Additional Techniques to Aid Project Evaluation When N = 1 In addition to collecting high-quality baseline and follow-up data, two other techniques can aid project evaluators in making sound judgments about project efficacy. The first is to explicitly attempt to identify and rule out alternative explanations. If what looks like a project effect is identified, evaluators must ask what other factors outside the scope of the project might have caused the observed outcome. Can they be ruled out?

For example, suppose it is found that the passage of a new anticorruption law whose drafting was sponsored by USAID corresponds with a drop in corruption, as measured in national surveys. It would be important to think carefully about other factors that might have occurred at the same time as passage of the new legislation which might also account for the drop in measured corruption. Perhaps a crusading anticorruption minister was appointed right after the new legislation was passed. Might her presence at the helm of a key ministry have caused the change? One way to rule out this possibility would be to see whether larger changes in perceived corruption were evidenced in her ministry than in others or whether perceived corruption increased again after she left office—both 


of which would be consistent with the argument that her appointment, not the new law, was responsible for the drop in corruption measured in the surveys. The more such competing explanations can be identified and ruled out, the more confidence there can be in the conclusion that the legislation was responsible for the positive outcome.

Evaluators are in a better position to rule out alternative explanations to the extent that USAID or its implementing partners can manipulate the timing of the intervention. An effort can be made even before a program is begun to identify other planned interventions or major events that could affect the outcome of interest and make it hard to disentangle the effect of USAID’s program from other possible factors. In this context a decision could be made to delay or speed up implementation of the program to minimize the likelihood that temporal changes in the measurement of program outcomes reflect things other than USAID’s program. To make this idea more concrete, imagine an intervention designed to increase the quantity and quality of debate in a parliament. The intervention might involve a series of training sessions on parliamentary business, a change in the rules that ties salary to attendance and participation, or an accountability mechanism that reports to the public on the activities of members of parliament. Regardless of the intervention, the outcome of interest is clear: whether members exhibit higher attendance rates and are more active in parliament after the project is complete. The problem is that many other factors might be responsible for an increase in attendance or participation—for example, if preparations for the budget begin soon after the program is initiated, this may drive up attendance and participation. If these other factors can be anticipated and avoided in planning the timing of the intervention, even stronger inferences can be drawn from temporal trends in the outcome variables.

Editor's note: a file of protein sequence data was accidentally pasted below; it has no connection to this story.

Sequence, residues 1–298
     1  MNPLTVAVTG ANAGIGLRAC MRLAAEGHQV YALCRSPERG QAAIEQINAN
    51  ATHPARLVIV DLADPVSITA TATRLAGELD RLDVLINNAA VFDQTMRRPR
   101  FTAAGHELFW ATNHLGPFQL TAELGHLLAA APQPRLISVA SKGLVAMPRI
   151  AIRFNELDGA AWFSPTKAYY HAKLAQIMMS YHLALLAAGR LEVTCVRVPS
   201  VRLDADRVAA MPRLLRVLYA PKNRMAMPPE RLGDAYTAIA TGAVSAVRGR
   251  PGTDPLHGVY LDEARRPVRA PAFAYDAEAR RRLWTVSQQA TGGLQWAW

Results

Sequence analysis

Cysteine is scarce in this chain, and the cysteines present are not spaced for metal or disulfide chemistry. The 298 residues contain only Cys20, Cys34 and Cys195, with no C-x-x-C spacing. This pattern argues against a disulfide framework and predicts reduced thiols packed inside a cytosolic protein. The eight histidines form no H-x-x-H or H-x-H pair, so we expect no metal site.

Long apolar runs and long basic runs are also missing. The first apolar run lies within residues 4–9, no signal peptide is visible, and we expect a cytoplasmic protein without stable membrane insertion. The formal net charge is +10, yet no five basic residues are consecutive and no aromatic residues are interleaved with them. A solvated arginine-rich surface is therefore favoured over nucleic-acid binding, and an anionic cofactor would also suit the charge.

A second strategy for improving causal inference in an N = 1 design is to look beyond the narrow outcome that the project was designed to affect and try to identify other outcomes that would be consistent with positive project impact. The example provided earlier from Uganda of using the success of projects targeting the disabled to verify the effectiveness of completely separate projects designed to promote the empowerment of marginalized citizens illustrates this technique. With regard to evaluating the effectiveness of the anticorruption legislation, an example of such a strategy would be to look at changes in applications for business licenses, which might be expected to rise as the requirement that applicants pay bribes diminishes. Again, the greater the number of outcomes consistent with project success that can be identified, the more confidence there can be in inferring that the project was, in fact, successful.